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Our Yammer user wanted to know who had read his post so he could get more responses. He wanted to tag users. He wanted to send them an email. He wanted to do whatever he could to elicit response and conversation in the group he just created.

I really couldn’t blame him. Just below his post, Yammer told him it was Seen by 35 People. He wanted to know who those people were so he could engage them further. But Yammer is stoic. Obstinate. It is only sharing the information that it wants to share, and our Yammer user was frustrated.

I encouraged our user to temper his frustration. In Facebook, he can see who saw his group post. That may work for Facebook, but Facebook is not Yammer. Facebook is not work.

As wonderful as transparency can be for any organization, and something we should all strive for, our colleagues should also have a right not to be transparent. They should be able to look at a post, and not feel at risk that they are going to be brought into a conversation or a project they don’t want to be involved with. They should be able to mistakenly click on a link, or look at a GIF file, without unknowingly committing themselves to sharing an opinion, or worse yet, being assigned to a committee.

Privacy and transparency are heated issues in the world of Enterprise Social Networks. We want private groups, unless we want everyone to see our post. We want to know who saw our post, but we don’t want others to know what we are doing. We recognize the value of openness and transparency, until we need to be talking about someone else. If we are a network admin, we feel we have a right to see anything and everything. If we are making an announcement, we want every single person to know it.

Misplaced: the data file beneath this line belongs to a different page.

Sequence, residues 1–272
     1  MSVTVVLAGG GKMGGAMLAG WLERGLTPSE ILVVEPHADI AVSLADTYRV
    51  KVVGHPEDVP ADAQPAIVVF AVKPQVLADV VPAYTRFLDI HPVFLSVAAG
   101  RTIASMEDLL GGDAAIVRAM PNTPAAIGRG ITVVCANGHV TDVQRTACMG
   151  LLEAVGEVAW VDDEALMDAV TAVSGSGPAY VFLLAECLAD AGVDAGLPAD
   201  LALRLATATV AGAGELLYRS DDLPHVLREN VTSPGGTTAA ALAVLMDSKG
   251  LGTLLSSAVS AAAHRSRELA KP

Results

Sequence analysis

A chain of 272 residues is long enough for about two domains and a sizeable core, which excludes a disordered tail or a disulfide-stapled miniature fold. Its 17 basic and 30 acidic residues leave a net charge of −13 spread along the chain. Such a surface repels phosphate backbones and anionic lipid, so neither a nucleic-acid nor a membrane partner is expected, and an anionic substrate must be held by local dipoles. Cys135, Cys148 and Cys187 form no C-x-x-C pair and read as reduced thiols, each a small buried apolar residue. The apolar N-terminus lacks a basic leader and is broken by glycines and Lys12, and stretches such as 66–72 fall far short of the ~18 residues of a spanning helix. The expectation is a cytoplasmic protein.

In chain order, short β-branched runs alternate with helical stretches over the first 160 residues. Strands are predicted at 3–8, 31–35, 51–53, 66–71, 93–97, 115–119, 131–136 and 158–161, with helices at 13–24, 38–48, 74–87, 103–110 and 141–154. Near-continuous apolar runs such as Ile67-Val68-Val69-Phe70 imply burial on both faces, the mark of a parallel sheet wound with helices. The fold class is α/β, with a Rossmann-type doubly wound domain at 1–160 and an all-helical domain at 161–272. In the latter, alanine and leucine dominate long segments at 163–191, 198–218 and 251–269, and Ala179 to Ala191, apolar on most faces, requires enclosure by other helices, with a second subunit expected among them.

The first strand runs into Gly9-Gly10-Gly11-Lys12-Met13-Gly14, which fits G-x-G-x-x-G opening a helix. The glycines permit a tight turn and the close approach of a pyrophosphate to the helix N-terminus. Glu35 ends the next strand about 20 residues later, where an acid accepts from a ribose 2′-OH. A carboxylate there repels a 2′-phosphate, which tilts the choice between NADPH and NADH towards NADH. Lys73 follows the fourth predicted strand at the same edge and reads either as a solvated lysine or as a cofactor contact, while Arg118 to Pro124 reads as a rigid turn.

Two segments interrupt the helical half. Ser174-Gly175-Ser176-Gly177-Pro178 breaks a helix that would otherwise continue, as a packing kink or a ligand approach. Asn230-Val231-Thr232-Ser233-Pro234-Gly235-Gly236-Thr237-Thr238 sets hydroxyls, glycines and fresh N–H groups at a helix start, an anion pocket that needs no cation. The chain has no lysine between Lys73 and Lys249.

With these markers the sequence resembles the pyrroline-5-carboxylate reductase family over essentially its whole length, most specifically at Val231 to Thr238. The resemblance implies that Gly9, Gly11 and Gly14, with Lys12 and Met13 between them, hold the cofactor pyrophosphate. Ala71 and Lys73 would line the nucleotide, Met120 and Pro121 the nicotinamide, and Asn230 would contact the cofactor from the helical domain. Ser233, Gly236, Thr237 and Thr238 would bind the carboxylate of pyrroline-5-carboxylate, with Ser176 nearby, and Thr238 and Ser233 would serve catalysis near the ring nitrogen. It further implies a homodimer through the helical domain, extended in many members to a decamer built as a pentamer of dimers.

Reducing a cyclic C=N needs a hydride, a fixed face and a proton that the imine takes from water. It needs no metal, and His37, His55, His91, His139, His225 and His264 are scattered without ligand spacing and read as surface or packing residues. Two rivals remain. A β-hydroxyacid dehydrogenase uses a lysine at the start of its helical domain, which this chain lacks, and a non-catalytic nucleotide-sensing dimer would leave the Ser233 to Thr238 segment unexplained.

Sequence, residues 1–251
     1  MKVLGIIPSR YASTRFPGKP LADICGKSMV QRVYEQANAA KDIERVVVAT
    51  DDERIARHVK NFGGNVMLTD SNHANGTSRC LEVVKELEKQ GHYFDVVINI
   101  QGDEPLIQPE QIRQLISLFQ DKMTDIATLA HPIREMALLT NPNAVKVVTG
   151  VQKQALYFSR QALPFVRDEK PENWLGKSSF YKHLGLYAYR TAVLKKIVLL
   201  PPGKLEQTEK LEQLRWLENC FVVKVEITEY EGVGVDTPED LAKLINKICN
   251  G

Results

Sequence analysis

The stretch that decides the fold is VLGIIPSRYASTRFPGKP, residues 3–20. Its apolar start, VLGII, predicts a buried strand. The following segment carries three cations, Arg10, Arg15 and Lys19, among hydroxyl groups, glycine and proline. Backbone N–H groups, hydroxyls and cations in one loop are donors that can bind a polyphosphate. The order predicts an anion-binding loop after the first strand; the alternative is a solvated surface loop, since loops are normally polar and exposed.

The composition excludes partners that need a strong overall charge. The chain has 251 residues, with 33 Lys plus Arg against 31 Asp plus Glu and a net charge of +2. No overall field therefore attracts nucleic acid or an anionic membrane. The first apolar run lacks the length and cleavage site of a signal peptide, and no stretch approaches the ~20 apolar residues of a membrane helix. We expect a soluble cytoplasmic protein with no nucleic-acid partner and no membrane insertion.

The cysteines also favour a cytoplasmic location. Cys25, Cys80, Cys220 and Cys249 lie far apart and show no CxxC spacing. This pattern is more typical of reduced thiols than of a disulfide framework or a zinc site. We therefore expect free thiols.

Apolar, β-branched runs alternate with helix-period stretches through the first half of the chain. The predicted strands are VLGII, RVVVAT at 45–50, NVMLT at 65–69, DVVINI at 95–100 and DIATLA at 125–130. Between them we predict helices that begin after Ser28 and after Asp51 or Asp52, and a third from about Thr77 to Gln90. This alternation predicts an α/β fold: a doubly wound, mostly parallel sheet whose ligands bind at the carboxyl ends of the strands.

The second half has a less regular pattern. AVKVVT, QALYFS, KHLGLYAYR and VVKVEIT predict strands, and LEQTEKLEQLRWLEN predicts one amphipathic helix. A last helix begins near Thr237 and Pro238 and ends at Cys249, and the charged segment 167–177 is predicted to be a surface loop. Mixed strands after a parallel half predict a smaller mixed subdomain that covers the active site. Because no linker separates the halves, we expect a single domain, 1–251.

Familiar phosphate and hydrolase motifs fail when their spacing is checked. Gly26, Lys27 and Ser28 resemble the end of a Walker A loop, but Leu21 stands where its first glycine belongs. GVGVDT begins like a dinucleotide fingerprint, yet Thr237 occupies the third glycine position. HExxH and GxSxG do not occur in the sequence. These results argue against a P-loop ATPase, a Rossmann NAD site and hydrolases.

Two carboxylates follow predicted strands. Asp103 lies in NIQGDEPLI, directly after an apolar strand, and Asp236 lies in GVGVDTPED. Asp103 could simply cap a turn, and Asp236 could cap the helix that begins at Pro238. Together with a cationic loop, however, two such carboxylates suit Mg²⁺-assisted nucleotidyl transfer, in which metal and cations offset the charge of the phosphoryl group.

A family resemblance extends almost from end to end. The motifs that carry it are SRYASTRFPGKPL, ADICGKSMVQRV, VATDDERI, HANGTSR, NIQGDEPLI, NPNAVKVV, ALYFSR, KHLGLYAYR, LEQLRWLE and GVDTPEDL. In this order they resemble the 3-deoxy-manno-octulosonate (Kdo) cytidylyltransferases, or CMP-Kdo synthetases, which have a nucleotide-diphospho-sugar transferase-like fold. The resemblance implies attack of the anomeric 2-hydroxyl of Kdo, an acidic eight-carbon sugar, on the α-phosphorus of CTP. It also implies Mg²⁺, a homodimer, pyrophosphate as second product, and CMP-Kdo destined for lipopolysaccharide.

So, without further adieu pontificating, I offer my guide to privacy and transparency in Yammer.

Groups: Unless absolutely necessary, unless you are dealing with sensitive or confidential information, your group should be public. Much more to be gained through a slight risk of having too many people see your post than not having enough people see your post.

Access: Whether you are the person who made the post, the moderator of a conversation, the administrator of a group, or the administrator of a network, Yammer will never show you all the information you are hoping to see. There will always be one more fact, one more morsel of info that, for whatever reason, you will never see. Accept it. Embrace it. Move on.

Remember the Bell: So often, I see the little bell icon in the upper left hand corner of users Yammer screens with dozens and dozens of unread notifications. Review that bell regularly…it has a goldmine of information for you. 

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View Group Insights: Boom! It’s right there on the page. Just on the right side, about halfway down. There for everyone to see. Mic drop. Exit stage left. See how your group has performed for the last week, month or twelve months. What posts have worked? What has elicited feedback and response? Check it out…it’s right there!

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Privacy, especially in our professional organizations, is never an easy issue. If we share more than we don’t. If we are more transparent than we are not. If we are more trustful than we are suspicious. If we are more open than we are closed. If we do these things, we should all be just fine.

 

 

 

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